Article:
This paper confirms previous studies suggesting that vibrational signals from siblings can induce synchronous hatching in some insects (Tanaka 2017, Tanaka et al. 2018, Sakamoto et al. 2019, Tanaka 2021). In the migratory locust, signals from nearby hatching eggs can induce hatching in adjacent embryos that differ in age by more than a day, suggesting that developing eggs reach a stage where they “wait” for hatching signals from podmates (Tanaka 2017, Tanaka et al. 2018). A similar mechanism is known for the desert and Bombay locusts, although the differences in age range that allow eggs to hatch synchronously depend on the species (Tanaka 2021). In migratory locusts, vibrations are emitted by movement of the embryonic abdomen (Sakamoto et al. 2019, http://www.eje.cz/attachments/000076.avi). In the present study, in six grasshopper species, eggs separated by several millimeters hatched sporadically compared with those kept in contact with one another. However, some of those similarly separated hatched synchronously (< 1 h) when connected by a piece of wire (Fig. 4), as observed in the above-mentioned three locust species (Tanaka 2021). Together, these varied results strongly suggest that grasshopper species can use vibrational signals to control the hatching time for synchronized hatching.

The specific time at which the signals are produced by the six grasshoppers tested in this study is currently unknown. In addition to the vibrational signals generated by an embryo, other physical signals from hatching eggs, egg shell cracking, vermiform nymphs wiggling through the egg mass to reach the surface, or new hatchlings walking on the surface could also be involved.

In the present study, the eggs of the Emma field cricket failed to hatch synchronously when artificially kept in a group. This cricket requires a total of ~15 days of incubation at 30°C (excluding diapause) and does not lay eggs as a group. This result is reasonable in view of the fact that in nature, the eggs of this cricket are laid individually in soil and do not hatch synchronously, and neither nymphs nor adults aggregate. Perhaps vibration-induced hatching synchrony has been selected for only in species that lay grouped eggs and benefit from synchronous hatching. Two lady beetles, Epilachna sparsa orientalis and E. vigintioctomaculata, lay eggs as groups. The former lays eggs so they touch and the latter lays eggs that do not touch one another. Morimoto (1965) observed that egg hatching from groups was completed in 1.8–2.8 h in the former and 4.5–10.5 h in the latter. Although the mechanism responsible for synchronized hatching is unknown in these two species, it is possible that the eggs of E. s. orientalis achieve synchronized hatching through a physical stimulus such as vibration transmitted through contact with one another. Morimoto noted that the well-synchronized hatching pattern observed in E. s. orientalis might be related to their strong tendency to aggregate as hatchlings compared to the other beetles.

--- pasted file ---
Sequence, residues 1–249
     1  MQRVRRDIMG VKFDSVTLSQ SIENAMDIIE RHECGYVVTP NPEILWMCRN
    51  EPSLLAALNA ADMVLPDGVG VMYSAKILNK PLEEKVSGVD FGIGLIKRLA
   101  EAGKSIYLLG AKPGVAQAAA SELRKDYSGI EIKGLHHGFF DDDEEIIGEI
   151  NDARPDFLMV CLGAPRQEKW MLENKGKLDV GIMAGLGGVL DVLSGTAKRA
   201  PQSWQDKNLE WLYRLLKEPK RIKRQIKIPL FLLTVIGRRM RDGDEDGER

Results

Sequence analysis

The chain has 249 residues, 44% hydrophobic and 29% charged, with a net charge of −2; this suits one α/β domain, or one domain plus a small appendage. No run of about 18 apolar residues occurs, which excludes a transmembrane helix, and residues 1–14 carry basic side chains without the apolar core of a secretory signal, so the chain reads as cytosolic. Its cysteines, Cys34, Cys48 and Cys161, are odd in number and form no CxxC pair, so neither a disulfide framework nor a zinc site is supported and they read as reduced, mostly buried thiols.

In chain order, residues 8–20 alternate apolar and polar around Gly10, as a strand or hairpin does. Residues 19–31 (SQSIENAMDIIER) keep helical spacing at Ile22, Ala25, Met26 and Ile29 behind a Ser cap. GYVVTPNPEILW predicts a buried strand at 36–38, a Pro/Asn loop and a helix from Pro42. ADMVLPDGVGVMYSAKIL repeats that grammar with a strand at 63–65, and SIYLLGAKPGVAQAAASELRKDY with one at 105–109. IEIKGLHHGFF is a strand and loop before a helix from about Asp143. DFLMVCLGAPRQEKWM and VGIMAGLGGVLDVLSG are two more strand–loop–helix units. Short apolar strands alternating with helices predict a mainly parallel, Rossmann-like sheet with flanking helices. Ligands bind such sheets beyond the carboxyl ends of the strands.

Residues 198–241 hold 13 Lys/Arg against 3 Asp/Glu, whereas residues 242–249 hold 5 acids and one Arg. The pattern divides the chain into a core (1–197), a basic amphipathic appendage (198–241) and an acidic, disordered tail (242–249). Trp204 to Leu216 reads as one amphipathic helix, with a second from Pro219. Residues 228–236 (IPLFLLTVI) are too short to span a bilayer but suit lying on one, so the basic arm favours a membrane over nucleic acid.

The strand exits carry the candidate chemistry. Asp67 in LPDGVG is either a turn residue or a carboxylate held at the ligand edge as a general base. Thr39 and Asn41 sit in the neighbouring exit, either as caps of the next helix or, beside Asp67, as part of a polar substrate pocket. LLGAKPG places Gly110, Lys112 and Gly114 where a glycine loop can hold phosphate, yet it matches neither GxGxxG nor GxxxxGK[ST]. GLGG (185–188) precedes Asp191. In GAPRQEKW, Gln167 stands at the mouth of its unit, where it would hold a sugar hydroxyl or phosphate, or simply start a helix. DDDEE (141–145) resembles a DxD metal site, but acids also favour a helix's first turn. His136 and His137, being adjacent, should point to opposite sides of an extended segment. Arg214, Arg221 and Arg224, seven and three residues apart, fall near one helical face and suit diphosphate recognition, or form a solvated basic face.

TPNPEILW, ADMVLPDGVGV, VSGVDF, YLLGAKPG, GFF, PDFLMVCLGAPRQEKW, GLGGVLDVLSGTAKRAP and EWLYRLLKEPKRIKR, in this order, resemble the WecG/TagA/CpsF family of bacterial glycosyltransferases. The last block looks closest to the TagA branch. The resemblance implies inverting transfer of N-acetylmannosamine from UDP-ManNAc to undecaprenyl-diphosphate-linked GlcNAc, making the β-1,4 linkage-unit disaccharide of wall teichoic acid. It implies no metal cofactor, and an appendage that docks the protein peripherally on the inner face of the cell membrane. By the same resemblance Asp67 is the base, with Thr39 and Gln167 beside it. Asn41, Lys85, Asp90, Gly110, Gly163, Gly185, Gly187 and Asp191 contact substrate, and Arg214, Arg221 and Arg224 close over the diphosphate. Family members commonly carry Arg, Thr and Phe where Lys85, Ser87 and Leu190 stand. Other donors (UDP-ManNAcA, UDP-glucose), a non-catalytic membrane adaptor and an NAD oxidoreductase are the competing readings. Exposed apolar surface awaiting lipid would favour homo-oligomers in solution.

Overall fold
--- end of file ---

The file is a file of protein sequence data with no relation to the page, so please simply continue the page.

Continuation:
Many grasshoppers and other insects form tight aggregations in the 1st instar (Fig. 6), which may or may not continue into later stages (Uvarov 1977, Costa 2006, Hatle and Whitman 2001). In the desert locust, both solitarious and gregarious hatchlings show similar degrees of aggregative behavior (Guershon and Ayali 2012), although the aggregating tendency in solitarious hatchlings usually weakens in later instars (Uvarov 1977). The advantages and disadvantages of aggregative behavior have been extensively studied and may include diluting individual predation risk, group defense, overcoming plant defenses via group efforts, increased thermoregulation or desiccation resistance, shelter building, etc. (Edmunds 1974, Vulinec 1990, Ruxton et al. 2004, Costa 2006). As such, synchronized hatching may have evolved in part to facilitate immediate aggregation in newly hatched insects.

To understand the mechanism underlying synchronized hatching and its evolution, more species of insects that produce eggs in a group with different lengths of embryonic stage should be examined. Grasshopper species would be ideal insects to use to explore this subject.

Figure 6. 

Aggregations of Nomadacris succincta hatchlings at 09:46 on May 25, 2018 on Minami-Daito Island, Japan (Photographed by Masanari Aizawa). This grasshopper aggregates tightly as 1st instars only during the nymphal stage.

Acknowledgements

I thank Mr. Toshiyuki Kimura for sending me the Oxya yezoensis eggs, Dr. Takumi Kayukawa for his cooperation with experiments, and Mr. Masanari Aizawa for providing me with information on the Bombay locusts on Minami-Daito Island and permission to use the photograph in Fig. 6. I am grateful to Dr. Douglas W. Whitman for providing valuable suggestions and editing the manuscript.